JR: This is something I think about a lot. I used to be that kid who, at 11 o’clock, I’d take a pill and be first on the dancefloor, and I’d be the last one off it. I wouldn’t want to go to the toilet in case I missed a tune. Or in case I missed a moment. And now, I go to my own parties, or Numbers in Glasgow and maybe I won’t be DJing, and am just sat in the DJ booth like this [nods head along to music] all night, just worrying that everyone’s having a good time, worrying that the guy’s doing a good set, and not really enjoying it. The whole reason I got into this was because I fuckin’ like dancing, man.

SB: I think going to clubs when you’re younger is almost like school for a DJ. Going to see someone play, being in that environment, soaking it all up, then being like, "What can I bring to this table?"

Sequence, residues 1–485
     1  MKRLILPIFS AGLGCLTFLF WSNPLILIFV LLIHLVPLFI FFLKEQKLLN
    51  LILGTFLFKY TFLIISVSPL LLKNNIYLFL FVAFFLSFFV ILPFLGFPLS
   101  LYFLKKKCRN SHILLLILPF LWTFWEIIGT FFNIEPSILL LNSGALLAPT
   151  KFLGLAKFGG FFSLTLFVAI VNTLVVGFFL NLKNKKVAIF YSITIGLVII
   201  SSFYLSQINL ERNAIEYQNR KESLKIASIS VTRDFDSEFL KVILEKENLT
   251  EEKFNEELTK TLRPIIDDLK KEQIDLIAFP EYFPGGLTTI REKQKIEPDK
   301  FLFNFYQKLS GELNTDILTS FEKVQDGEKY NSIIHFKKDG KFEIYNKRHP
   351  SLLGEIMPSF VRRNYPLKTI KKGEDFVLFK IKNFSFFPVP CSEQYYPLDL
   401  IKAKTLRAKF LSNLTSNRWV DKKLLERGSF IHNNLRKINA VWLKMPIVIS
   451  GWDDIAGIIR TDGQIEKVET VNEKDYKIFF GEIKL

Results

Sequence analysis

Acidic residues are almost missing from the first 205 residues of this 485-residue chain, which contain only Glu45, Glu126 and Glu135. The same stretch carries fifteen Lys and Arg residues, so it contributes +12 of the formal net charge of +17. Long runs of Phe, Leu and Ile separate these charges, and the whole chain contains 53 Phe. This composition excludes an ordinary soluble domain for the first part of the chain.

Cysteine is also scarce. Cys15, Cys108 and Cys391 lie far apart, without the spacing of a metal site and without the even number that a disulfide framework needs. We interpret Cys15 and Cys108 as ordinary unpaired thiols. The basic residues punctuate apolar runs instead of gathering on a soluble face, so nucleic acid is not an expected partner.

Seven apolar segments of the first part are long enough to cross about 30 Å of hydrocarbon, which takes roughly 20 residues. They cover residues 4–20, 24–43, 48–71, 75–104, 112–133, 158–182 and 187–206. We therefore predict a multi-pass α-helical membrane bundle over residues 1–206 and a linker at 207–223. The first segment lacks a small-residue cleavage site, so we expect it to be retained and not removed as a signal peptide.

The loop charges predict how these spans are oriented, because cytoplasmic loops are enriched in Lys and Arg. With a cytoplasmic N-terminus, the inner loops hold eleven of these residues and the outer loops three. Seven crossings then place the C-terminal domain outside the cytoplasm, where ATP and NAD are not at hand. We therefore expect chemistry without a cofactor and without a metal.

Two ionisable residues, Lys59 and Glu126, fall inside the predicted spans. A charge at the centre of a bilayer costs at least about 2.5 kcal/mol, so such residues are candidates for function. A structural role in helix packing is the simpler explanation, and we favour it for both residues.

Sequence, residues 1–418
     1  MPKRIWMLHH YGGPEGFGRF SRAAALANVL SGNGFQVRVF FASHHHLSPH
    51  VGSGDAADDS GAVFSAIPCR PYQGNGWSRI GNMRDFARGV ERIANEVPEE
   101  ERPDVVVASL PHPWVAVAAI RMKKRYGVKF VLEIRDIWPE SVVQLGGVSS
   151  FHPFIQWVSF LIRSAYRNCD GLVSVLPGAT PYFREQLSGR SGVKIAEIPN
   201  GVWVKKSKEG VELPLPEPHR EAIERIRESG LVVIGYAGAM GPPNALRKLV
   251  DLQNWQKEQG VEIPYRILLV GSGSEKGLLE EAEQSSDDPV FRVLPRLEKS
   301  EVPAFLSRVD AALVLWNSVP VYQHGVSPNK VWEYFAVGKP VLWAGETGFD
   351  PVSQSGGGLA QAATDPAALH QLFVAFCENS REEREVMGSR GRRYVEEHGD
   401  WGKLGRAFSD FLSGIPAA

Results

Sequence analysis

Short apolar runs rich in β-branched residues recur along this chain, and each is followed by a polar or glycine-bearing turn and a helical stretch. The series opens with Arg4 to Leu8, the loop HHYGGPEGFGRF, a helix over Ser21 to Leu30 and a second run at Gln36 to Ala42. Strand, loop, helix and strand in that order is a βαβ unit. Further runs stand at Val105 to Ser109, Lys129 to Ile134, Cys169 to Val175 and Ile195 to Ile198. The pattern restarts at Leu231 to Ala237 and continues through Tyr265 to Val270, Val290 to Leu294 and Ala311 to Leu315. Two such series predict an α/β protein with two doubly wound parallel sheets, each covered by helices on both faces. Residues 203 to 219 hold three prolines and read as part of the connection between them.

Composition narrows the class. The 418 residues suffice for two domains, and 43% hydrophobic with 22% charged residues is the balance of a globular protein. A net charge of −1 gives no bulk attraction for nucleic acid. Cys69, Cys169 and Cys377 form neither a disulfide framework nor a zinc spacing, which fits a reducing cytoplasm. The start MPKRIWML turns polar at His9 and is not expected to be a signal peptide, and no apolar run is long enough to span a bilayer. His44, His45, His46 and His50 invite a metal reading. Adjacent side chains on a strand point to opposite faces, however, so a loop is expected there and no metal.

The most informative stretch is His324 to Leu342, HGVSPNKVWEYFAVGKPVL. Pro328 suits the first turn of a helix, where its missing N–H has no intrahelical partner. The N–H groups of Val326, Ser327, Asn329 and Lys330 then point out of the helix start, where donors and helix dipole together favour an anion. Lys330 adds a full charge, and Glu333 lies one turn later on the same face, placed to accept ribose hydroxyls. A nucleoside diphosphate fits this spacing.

JR: What you were saying about playing old records with newer stuff, when I’m drawing for old records like Underground Resistance, that’s me trying to recreate a moment I experienced when I was a lot younger. I play this because I felt a very strong emotion that can’t be produced by anything else, and I’m trying to give someone else that experience.

Do you think it works?
JR: Sometimes.

BT: That’s the only reason I feel dubious about playing old music, is that I have tried to recreate experiences that meant a lot to me, and they’ve fallen flat. That makes you doubt the power of the emotion that you felt.

JR: That feeling that you got when you heard that record when you were 16 and it was going off—I think the only way to feel that now is when you’re playing and you have that moment behind the decks.

BT: I still feel like I’m going to school. When I go to nights that are completely unconnected to what we do, that’s only way I can feel that.


Do any of you have aspirations to produce?
SB: I’m not bothered. My heart is in DJing.